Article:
Amazon Lets Businesses Resell Unused Cloud Capacity


Amazon Web Services on Wednesday introduced Reserved Instances Marketplace, which allows businesses using its cloud services to resell unused, reserved server capacity.

Amazon lets businesses using its cloud services pay a low, one-time fee for capacity and receive discounts on the hourly charge for server instances used. The contracts, called Reserved Instances, can last for one or three years.

These Reserved Instances contracts can save businesses up to 71 percent compared to buying capacity on-demand, Amazon said.

[Related: ProfitBricks Targets Amazon, Rackspace With Per-Minute Cloud Pricing]

However, many businesses are reluctant to commit to contracts for one or three years.

Amazon's new marketplace is designed to encourage businesses to commit to the longer reserved contracts, knowing they can sell the capacity they don’t use.

"The Reserved Instance Marketplace allows you to sell your Amazon EC2 Reserved Instances to other businesses and organizations if your needs change (e.g. you want to move instances to a new AWS Region, change to a new instance type, or sell capacity for projects that end before the term expires)," Amazon said on its website.

The new marketplace will be a Web interface where buyers and sellers can come together and make deals for allocating capacity.

"You can also browse the Reserved Instance Marketplace to find an even wider selection of Reserved Instance term lengths and pricing options sold by other AWS customers," Amazon said.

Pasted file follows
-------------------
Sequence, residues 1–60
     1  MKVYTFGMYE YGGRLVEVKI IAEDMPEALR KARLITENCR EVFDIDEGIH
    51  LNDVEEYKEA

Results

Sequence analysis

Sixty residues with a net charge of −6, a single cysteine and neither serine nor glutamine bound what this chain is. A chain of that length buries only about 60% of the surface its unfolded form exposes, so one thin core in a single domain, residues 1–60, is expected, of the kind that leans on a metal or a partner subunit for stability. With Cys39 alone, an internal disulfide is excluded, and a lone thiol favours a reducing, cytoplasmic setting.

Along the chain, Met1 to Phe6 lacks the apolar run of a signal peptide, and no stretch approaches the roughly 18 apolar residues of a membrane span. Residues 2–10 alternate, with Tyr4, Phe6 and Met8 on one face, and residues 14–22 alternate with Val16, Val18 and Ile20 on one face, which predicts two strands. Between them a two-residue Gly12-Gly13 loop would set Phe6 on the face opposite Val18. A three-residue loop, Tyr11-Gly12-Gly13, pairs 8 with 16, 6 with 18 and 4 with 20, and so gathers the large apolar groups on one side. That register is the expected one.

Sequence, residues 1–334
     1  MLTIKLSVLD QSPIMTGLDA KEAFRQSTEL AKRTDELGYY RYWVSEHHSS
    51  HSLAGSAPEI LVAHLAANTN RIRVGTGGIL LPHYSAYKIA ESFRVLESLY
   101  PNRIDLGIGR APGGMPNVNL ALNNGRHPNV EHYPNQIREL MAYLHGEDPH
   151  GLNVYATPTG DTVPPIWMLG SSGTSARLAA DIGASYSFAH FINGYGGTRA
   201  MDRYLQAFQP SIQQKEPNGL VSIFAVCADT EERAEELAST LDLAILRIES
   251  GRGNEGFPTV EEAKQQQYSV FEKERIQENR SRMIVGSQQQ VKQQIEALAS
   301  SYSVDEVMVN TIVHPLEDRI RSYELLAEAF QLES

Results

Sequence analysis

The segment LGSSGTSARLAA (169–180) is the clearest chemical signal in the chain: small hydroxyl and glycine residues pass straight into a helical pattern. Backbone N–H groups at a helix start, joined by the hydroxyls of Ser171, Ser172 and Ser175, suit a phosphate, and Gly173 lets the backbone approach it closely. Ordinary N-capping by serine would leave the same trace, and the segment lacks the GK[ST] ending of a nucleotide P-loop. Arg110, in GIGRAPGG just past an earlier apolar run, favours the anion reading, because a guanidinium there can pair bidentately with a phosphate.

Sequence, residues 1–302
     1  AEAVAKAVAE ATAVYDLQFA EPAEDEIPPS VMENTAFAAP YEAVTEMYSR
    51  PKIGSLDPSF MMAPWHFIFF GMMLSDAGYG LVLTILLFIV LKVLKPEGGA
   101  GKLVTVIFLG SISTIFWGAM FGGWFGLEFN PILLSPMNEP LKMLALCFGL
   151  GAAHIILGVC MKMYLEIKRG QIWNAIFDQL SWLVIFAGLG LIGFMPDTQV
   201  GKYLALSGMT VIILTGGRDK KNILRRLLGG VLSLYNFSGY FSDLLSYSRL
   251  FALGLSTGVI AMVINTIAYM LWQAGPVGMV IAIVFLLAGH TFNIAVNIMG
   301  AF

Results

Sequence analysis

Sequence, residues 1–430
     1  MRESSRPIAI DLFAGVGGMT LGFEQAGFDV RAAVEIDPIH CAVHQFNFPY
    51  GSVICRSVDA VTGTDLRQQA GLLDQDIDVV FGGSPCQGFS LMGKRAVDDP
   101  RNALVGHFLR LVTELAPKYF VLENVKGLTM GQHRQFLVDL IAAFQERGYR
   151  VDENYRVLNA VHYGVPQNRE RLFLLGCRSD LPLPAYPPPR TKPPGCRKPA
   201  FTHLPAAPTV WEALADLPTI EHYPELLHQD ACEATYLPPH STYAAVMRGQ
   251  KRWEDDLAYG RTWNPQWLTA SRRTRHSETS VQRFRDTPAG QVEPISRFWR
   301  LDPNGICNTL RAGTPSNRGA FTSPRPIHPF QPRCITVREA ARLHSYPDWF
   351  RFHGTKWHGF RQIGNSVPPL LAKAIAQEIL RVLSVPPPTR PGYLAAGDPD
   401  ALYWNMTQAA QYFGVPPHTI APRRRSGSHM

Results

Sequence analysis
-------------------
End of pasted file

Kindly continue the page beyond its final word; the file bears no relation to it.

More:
Jeremy Przygode, CEO of Stratalux, a Santa Monica, Calif.-based cloud service provider that builds and manages Amazon cloud solutions for businesses, said Reserved Instance Marketplace is a natural innovation to help companies operate with more flexibility in the cloud at a lower cost.

"Customers did not want to buy Reserved Instances because they might shut [the instance] down or move before the contract expires," he said. "This is a good thing for Amazon because it gives their customers the option of to sell reserved instances, so companies will be freed up to buy more reserved instances."

However, Przygode said it remains unclear how Stratalux, as a reseller of cloud services, will operate in this marketplace. "This just happened," he said. "We need to look at it."

The introduction of Amazon's Reserved Instance Marketplace comes as cloud pricing is gaining increasing attention.

On Monday, Cambridge, Mass.-based infrastructure-as-a-service provider ProfitBricks announced a new data center architecture that allows for pay-per-minute pricing for cloud capacity and the ability to change workloads on the fly.

PUBLISHED SEPT. 12, 2012

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